"I was seated in a corner of a bar around Christmas, sipping my usual 'one for the road,' watching a group of individuals celebrate Christmas and end of year in style. I heard one of the guys in the group shout as he was ordering a crate of beer: 'What is money? Money is there to be spent!' Looking at him I said to myself: I wish every day was Christmas'."
Yet Richard Rugigana, a lecture in a Kigali university, at the same time wonders why people feel compelled to spend so freely during the festive season, like the man he witnessed in the bar. Because, as he points out, come January, the rush to banks for soft loans and school fee loans starts.
Some people start saving as early as October only to spend all their savings in the span of two weeks. If you go to supermarkets or gift shops in December, the queues at the counters are always unusually long. What makes it worse is that people often make purchases that are unnecessary. The end result: the January money crisis.
Among all those people travelling upcountry for the festive season, there is a good number who, when the party is over, even lack the money to pay the bus ticket to Kigali. Or if they make it back, they cannot afford to pay school fees. "What is the use of fueling your car to the village for Christmas celebrations, yet you end up selling some five to six chickens or some sacks of maize from the granary to enable you to get back to the city?" Rugigana asks. "Why buy expensive clothes for Christmas and end up with a big ugly padlock on your door because of rent arrears? I know fellows, so called 'learned' university lecturers like me, who are now rushing to the bank or selling some of their things to have some money."
Some have learnt the hard way to be a bit more careful. "For years, my wife and I went through the January crisis, but finally we decided it was time we do something about it," says Albert Ngabo, a trader in Quartier Matheus.
So the two of them sat together and came up with a solution. "We always make sure that we come up with a Christmas shopping list that does not stretch our expenditure. We stick to our budget and avoid any tempting expenses that do not feature in it," Ngabo explains. "And we always make sure that by the end of November, the back-to-school planning for our three children is settled."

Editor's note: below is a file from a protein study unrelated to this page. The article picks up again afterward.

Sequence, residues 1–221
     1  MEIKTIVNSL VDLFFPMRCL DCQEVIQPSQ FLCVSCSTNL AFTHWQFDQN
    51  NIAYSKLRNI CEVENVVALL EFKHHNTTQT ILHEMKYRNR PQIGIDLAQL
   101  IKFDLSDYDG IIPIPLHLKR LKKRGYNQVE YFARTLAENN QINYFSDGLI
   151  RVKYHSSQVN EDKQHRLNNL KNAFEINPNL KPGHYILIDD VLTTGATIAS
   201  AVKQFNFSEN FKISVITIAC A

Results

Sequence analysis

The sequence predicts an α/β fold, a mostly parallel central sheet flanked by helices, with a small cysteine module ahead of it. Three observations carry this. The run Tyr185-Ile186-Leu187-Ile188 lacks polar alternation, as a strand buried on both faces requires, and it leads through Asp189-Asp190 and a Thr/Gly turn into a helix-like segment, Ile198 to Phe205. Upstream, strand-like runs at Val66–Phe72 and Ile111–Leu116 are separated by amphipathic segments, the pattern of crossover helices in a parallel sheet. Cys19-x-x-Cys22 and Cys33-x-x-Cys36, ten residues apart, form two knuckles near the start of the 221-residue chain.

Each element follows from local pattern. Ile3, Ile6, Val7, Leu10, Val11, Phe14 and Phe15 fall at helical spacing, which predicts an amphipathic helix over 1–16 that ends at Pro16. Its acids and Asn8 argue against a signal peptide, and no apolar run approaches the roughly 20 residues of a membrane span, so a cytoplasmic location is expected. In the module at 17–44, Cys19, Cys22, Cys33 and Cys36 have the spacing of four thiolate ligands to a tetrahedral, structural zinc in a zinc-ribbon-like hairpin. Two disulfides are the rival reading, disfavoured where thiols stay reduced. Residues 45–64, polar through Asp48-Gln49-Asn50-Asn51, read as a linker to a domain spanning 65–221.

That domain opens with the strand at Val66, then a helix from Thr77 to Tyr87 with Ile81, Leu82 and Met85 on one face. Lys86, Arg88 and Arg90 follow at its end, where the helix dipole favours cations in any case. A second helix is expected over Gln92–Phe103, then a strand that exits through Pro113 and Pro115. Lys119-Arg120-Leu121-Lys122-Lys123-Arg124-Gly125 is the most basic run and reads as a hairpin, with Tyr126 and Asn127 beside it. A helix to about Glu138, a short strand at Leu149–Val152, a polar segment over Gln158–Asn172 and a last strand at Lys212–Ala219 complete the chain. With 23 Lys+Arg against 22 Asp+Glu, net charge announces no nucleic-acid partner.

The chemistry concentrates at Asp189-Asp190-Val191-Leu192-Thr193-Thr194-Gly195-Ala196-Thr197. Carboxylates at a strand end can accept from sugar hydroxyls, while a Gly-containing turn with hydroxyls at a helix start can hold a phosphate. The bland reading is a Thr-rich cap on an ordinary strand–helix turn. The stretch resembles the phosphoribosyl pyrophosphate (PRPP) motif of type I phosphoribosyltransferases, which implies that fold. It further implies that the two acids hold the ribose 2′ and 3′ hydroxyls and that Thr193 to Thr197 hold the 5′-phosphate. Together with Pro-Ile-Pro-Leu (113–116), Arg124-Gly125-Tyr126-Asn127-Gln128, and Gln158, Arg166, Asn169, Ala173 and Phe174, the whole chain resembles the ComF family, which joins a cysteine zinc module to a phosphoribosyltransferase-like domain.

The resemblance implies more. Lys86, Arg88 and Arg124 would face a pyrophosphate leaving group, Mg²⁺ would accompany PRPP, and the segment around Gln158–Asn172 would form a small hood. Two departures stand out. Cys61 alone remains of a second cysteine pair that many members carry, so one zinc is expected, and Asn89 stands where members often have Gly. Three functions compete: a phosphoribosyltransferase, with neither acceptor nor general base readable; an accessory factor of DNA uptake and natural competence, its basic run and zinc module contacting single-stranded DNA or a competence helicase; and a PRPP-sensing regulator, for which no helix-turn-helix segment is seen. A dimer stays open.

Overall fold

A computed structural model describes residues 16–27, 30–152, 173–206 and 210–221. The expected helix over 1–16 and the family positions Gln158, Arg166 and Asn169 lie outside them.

Another thing that helped them is to avoid unnecessary plans that may inconvenience their budget, such as travelling upcountry. "Do it only if your budget can accommodate it, and if you do make sure to pay the January house rent before you leave," he advises.
It might be that more people have learnt Ngabo's lesson, because traders in different parts of the country have complained that during this festive season, they didn't see as much customers as they were expecting.
"Usually the turnout in the festive season is extremely high, but I don't know what happened because this year it was not the same," says Devote Mukankusi, a shopkeeper in the capital.
She thinks that one of the reasons might be that Rwandans are turning to supermarkets rather than the shops. "Every time I passed by Nakumatt in the second half of December, I found that there were crowds of people, while my colleagues and I were lamenting how slow business was in our shops."
However, a bar owner in the city says they didn't experience such problems. "For us the turnout was extremely high. On certain evenings, it was even difficult to keep up with the orders."
So it seems that even this January, many people will still suffer from a financial hangover.